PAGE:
To be fair this doesn’t come up often, but within the last few weeks it’s come up a few times. I’ve seen it enough times and it traps quite a few admins as well, especially when host side ports don’t use LACP. When you have a Cisco VPC configured between your Nexus switches and you do maintenance or have a failure, one of the switches when it comes back into service can cause traffic black holes. This is where traffic for one NIC or another turns into a GNDN (goes nowhere, does nothing). I first hit this many years ago when working at one of the worlds largest banks. When we did failover testing everything worked fine, until we bought the switch we had powered down back into service. So what should you do about this?
First thing to do is check out the best practices and the documentation for the switch you are using. The Cisco Nexus 9000 and Nexus 7000 documentation is incredibly useful. The best practices and configuration documentation cover all the different parameters for VPC configuration. The main one to look at is the VPC Domain Delay Restore configuration. This is the timer that prevents the VPC on a failed switch coming back into service until it can actually pass traffic. The default value is 30 seconds, which is often too aggressive.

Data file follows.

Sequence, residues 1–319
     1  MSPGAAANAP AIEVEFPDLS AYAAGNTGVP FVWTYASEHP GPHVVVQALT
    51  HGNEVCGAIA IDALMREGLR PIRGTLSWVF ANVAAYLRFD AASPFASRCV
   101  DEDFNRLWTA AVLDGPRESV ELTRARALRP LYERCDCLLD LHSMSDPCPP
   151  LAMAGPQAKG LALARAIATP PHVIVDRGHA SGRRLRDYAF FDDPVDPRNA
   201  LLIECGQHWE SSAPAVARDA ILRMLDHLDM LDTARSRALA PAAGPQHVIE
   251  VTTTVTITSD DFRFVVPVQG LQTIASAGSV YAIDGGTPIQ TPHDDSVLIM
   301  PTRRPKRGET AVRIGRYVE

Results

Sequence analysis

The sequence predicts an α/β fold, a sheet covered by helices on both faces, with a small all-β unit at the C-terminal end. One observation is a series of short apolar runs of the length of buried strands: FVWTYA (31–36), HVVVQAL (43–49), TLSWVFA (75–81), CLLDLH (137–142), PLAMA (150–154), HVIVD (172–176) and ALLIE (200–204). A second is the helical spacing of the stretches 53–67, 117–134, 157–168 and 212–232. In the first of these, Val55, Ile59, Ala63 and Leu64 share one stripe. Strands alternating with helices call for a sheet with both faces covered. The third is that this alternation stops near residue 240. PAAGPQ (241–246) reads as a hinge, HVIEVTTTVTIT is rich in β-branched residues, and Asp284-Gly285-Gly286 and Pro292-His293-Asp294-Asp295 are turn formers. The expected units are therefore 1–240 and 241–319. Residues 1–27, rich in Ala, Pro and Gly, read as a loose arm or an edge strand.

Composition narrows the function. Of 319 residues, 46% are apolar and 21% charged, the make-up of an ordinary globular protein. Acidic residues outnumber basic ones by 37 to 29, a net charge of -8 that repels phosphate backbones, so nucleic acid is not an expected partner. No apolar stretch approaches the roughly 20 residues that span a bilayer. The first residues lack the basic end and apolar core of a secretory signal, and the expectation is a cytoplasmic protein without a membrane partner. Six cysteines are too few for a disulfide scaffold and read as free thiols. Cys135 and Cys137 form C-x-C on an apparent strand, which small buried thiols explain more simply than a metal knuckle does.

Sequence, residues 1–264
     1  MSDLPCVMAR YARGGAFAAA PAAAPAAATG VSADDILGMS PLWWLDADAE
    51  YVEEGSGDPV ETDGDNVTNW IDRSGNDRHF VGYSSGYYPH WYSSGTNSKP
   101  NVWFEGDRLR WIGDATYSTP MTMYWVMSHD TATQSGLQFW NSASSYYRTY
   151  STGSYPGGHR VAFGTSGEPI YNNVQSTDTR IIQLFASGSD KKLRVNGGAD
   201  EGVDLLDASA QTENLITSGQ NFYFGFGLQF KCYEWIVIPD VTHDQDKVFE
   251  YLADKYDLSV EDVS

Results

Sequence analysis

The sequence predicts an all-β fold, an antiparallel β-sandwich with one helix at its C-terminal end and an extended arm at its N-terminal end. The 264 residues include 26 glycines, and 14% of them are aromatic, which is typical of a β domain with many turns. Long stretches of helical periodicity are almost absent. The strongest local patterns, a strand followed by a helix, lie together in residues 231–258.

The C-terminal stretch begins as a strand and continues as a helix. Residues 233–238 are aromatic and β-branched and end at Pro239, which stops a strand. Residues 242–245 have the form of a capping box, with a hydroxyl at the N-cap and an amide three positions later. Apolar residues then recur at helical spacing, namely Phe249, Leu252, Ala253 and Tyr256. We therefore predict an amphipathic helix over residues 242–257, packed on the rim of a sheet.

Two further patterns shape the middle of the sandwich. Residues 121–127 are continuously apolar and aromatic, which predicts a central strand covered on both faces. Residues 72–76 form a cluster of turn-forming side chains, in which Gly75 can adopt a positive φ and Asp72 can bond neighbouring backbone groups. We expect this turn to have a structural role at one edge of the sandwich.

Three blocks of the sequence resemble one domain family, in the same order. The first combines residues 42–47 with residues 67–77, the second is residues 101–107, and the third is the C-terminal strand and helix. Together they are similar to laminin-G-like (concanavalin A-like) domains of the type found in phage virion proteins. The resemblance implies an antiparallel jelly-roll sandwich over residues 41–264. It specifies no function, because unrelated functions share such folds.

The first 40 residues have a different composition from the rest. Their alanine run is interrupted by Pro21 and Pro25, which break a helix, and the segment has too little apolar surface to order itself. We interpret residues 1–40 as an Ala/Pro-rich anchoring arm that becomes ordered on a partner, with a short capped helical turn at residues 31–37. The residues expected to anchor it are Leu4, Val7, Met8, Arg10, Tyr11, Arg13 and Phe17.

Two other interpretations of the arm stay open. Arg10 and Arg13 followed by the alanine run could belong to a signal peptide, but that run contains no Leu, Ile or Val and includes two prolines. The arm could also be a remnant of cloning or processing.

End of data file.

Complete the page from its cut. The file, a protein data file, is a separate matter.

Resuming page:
A value of 30 seconds is often too aggressive for the VPC Domain Delay Restore timer. The testing I’ve done shows that a value of 300 or 600 seconds (5 minutes or 10 minutes) is usually ideal. This is especially important when the downstream connections to the servers are not using LACP. In that case you should also take care to avoid orphaned ports and determine if you need link state tracking.
N7K(config)# vpc domain <domain number>
N7K(config-vpc-domain)# delay restore <1-3600 sec>
This post first appeared on the Long White Virtual Clouds blog at longwhiteclouds.com. By Michael Webster +. Copyright © 2012 – 2017 – IT Solutions 2000 Ltd and Michael Webster +. All rights reserved. Not to be reproduced for commercial purposes without written permission.